Simple Sustainability

7 08 2009

A California Academy of Sciences takeaway: we may not all be able to live or work under a living roof, but little steps count too. Upon leaving the Academy of Sciences, guests are offered miniature pamphlets titled “Sustainability Made Simple,” chock full of pointers that make going green easy in all aspects of daily life. Some of my favorites:

  • When you go shopping, bring your own reusable bags: a pretty common one, but such an easy (and fun) one to carry out. Reusable bags are everywhere, and they are often cheap and attractive. You can even get shopping sets. I’m a fan of Baggu Bags, for their fun colors and their little saks that make them easy to toss in the purse.
  • Choose local restaurants over chains. Not only does this make life (and meals) more interesting, it generally means that the meal is sourced close to home, which means fresher food and less strain on the environment.
  • Take the train or bus instead of flying or driving. This may not always be possible, but when it is, it’s better on the environment, and tends to be more scenic and enjoyable as well. Sometimes travel is in the journey as much as it is in the destination.

For more tips, well, visit the Academy of Sciences. I guarantee you’ll take away a lot more than a pamphlet.





Thought-provoking Video

21 06 2009

I recently came upon an article in the Times about a new school controversy. It seems people are actually finding it problematic that a video, The Story of Stuff, is being shown in schools and causing children to think about consumption. This controversy is not surprising to me, but it is shocking. I checked out the video myself, and yes, it is political. But it’s also upbeat and solution forward, and it’s a serious of lovable cartoon characters.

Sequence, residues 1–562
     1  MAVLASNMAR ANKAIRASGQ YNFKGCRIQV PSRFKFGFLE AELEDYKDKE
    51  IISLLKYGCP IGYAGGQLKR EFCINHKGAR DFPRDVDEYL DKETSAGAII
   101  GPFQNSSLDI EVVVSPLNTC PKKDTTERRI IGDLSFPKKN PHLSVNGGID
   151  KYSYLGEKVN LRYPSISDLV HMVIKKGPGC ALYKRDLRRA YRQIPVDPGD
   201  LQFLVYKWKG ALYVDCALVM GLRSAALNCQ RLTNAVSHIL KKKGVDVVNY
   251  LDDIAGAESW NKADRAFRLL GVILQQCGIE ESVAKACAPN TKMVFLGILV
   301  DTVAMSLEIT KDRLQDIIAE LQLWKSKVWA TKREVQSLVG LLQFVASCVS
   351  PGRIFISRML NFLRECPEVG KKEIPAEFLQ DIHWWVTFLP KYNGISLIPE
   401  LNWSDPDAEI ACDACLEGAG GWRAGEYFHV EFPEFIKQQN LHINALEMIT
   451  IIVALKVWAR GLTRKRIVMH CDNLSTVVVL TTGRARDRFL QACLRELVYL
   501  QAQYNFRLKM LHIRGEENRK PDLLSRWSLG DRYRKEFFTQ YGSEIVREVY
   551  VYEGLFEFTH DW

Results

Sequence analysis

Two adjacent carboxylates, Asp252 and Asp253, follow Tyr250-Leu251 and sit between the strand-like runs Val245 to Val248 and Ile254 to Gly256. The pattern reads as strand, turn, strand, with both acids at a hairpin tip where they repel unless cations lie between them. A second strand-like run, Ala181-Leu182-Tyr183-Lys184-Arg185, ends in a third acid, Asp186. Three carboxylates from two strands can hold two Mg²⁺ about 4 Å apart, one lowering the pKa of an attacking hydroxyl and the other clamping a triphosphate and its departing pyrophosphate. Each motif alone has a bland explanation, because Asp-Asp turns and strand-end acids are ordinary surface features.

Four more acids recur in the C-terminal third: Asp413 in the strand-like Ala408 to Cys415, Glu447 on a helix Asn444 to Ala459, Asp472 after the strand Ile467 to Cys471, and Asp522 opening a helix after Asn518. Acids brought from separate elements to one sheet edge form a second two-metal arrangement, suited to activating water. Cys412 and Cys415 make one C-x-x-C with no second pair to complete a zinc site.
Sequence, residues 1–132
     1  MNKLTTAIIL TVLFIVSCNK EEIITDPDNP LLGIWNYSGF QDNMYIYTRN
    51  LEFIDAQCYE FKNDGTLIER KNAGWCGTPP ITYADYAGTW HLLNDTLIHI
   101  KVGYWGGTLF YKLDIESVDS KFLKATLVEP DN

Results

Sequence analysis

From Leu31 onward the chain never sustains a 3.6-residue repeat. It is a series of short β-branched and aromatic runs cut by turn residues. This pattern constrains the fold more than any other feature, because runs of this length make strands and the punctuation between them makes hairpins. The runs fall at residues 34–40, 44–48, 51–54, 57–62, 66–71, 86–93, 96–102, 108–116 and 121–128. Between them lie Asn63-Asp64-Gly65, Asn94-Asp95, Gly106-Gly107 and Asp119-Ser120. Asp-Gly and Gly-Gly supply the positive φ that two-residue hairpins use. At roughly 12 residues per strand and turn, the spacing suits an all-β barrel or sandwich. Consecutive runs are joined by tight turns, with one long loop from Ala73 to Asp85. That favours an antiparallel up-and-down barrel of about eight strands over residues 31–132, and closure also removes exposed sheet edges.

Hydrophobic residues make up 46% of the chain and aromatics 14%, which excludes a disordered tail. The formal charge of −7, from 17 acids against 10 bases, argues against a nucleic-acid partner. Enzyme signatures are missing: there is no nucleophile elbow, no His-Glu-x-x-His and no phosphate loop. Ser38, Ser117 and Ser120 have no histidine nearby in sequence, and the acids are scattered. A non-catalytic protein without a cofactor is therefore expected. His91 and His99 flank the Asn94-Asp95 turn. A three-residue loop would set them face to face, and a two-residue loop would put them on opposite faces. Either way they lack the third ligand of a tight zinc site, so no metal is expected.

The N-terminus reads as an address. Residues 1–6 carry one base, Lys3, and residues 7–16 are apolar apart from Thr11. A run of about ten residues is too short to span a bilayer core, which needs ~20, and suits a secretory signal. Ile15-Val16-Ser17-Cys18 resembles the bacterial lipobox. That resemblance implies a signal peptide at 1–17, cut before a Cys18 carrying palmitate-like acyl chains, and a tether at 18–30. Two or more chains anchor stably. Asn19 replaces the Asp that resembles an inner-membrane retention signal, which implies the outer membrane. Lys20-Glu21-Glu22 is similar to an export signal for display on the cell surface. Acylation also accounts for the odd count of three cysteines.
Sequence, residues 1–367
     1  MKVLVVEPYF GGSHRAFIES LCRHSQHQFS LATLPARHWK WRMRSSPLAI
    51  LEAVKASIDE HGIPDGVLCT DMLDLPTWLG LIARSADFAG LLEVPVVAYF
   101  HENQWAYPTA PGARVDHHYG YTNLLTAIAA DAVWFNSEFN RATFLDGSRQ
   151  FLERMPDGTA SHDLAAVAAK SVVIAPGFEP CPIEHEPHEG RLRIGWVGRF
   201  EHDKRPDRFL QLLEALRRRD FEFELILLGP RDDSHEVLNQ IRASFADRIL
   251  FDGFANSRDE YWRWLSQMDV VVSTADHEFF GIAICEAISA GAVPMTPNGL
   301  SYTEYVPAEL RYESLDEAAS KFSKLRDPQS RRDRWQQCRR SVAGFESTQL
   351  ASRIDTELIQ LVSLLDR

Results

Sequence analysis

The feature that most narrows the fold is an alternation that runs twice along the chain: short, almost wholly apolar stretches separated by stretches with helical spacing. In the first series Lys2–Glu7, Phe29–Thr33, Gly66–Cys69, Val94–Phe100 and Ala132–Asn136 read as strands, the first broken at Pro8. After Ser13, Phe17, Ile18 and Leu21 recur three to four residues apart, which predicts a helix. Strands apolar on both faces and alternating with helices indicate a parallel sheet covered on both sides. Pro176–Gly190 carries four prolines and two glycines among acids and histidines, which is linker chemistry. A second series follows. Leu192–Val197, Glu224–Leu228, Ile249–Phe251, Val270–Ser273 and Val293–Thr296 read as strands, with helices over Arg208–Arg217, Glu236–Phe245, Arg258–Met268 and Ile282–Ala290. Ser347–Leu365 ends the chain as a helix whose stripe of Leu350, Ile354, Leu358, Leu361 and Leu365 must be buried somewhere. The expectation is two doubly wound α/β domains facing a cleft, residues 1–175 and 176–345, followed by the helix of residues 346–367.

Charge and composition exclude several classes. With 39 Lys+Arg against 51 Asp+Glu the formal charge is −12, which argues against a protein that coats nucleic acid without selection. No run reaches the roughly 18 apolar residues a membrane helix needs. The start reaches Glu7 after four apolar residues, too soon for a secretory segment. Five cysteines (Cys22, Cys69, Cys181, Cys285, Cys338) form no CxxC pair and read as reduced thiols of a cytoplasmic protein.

Most of all, though, it’s realistic. It’s the very dose of reality that most people in our society need. When I think of all the stuff I have/need/want, it’s one thing, but when I watch this video and really, truly think about what goes into making that stuff, it changes the whole need/want aspects. I’ll admit I’m not suddenly the anti-consumer (I still love my shoes), but I’m certainly more thoughtful about what I consume. And every little bit helps.

So truly I don’t really see where this could have a negative impact on anyone, especially children, to whom much of comsumer culture is based (gadgets, individually wrapped food and the list goes on…). Anyhow, it’s worth taking the 20 minutes to watch the video. And it’s also worth taking a few additional minutes to check out the website. There is much to be done and it’s one small, but important step.





And Then Again…

17 04 2009

I’m still thinking on this eco-tourism dilemma. Antarctica, yes, it’s a different story, and I agree that regulations should be put in place to protect it. Regulations should be put in place for any area that might be endangered by excessive tourism, for that matter.

On the other hand, such activities as listed by the Berkeley study (hiking, etc.), while they may endanger the areas visited, they also serve to promote awareness. What is nature, that is, if not to be enjoyed. And the more we enjoy it, the more we want to save it, right? So in this way, it seems to me, eco-tourism can actually be a good thing.